The Mediterranean area is a fragile semi-arid ecosystem, characterized by a high level of biodiversity. Due to its climatic conditions, fires are frequent. Fires strongly impact the microbial community of the soil and the biogeochemical cycles of the ecosystem. Although the N cycle is crucial, limited data is available about the effects of fires on the microbial community involved in this cycle in these types of environments. The aim of this research was to evaluate the effects that fire has on the amount of microbial populations involved in the different steps of the N cycle in soils under different vegetation cover. To achieve this, surface soils were ollected from unburnt and burnt soil of four plant species (holm oak, pine, black locust, and herbs) from inside the Vesuvius National Park that are typical of the Mediterranean maquis. The soils were analyzed for their main abiotic proprieties (pH, water content, concentrations of organic C, total C, total N, NH4+, NO2–, and NO3–). They were also analyzed for their amount of total DNA (DNA yield), eubacterial DNA (16S rDNA), N2-fixer, ammonia oxidizer, archaea ammonia oxidizer, and denitrifier DNA. The largest amount of microbial populations involved in the N cycle of the unburnt soil was observed in the holm oak soil. Fires slightly affected the soil abiotic properties and the DNA yield of the unburnt soil, but significantly increased the amount of eubacteria, nitrifiers, and denitrifiers. The conditions of the pine and holm oak soil encouraged a faster recovery of the amount of microbial populations involved in the N cycle.

N cycle in burnt and unburnt soils under different vegetation covers in the Mediterranean region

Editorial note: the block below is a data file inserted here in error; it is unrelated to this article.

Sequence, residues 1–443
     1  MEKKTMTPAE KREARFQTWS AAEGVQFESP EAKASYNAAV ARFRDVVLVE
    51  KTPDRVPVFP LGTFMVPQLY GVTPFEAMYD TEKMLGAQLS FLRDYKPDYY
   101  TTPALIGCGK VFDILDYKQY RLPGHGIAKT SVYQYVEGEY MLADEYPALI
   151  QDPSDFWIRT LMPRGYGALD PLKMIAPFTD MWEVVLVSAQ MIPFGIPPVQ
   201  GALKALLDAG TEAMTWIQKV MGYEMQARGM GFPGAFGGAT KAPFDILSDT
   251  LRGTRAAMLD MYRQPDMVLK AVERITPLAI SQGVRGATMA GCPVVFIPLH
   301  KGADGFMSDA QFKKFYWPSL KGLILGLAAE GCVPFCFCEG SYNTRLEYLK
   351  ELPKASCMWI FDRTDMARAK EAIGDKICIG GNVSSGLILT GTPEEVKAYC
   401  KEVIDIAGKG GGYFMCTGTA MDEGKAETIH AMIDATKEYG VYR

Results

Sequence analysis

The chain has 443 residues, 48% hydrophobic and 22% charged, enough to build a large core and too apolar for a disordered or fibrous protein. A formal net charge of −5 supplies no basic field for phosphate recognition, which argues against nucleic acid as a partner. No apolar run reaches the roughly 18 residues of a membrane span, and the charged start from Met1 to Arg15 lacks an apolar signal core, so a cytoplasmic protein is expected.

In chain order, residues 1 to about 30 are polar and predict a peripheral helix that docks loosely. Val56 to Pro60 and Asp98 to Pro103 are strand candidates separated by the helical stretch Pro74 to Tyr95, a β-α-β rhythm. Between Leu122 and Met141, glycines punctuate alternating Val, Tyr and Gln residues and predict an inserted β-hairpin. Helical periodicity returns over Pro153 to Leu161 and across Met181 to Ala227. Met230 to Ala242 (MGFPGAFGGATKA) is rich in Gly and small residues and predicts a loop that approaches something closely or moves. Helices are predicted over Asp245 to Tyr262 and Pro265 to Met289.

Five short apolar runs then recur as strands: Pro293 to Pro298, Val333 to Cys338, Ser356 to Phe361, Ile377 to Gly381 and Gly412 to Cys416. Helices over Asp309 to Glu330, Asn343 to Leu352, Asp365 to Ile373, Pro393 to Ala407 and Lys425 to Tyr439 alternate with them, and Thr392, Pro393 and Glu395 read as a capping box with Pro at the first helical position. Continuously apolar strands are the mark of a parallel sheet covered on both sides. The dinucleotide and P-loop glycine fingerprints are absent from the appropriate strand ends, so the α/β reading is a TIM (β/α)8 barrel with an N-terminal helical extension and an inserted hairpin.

G. Santini
Primo
Conceptualization
;
L. Santorufo
Writing – Review & Editing
;
V. Memoli
Formal Analysis
;
A. Giarra
Formal Analysis
;
G. Di Natale
Validation
;
M. Trifuoggi
Validation
;
G. Maisto
Ultimo
Supervision
2022

Abstract

The Mediterranean area is a fragile semi-arid ecosystem, characterized by a high level of biodiversity. Due to its climatic conditions, fires are frequent. Fires strongly impact the microbial community of the soil and the biogeochemical cycles of the ecosystem. Although the N cycle is crucial, limited data is available about the effects of fires on the microbial community involved in this cycle in these types of environments. The aim of this research was to evaluate the effects that fire has on the amount of microbial populations involved in the different steps of the N cycle in soils under different vegetation cover. To achieve this, surface soils were ollected from unburnt and burnt soil of four plant species (holm oak, pine, black locust, and herbs) from inside the Vesuvius National Park that are typical of the Mediterranean maquis. The soils were analyzed for their main abiotic proprieties (pH, water content, concentrations of organic C, total C, total N, NH4+, NO2–, and NO3–). They were also analyzed for their amount of total DNA (DNA yield), eubacterial DNA (16S rDNA), N2-fixer, ammonia oxidizer, archaea ammonia oxidizer, and denitrifier DNA. The largest amount of microbial populations involved in the N cycle of the unburnt soil was observed in the holm oak soil. Fires slightly affected the soil abiotic properties and the DNA yield of the unburnt soil, but significantly increased the amount of eubacteria, nitrifiers, and denitrifiers. The conditions of the pine and holm oak soil encouraged a faster recovery of the amount of microbial populations involved in the N cycle.
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Utilizza questo identificativo per citare o creare un link a questo documento: http://hdl.handle.net/11588/892450
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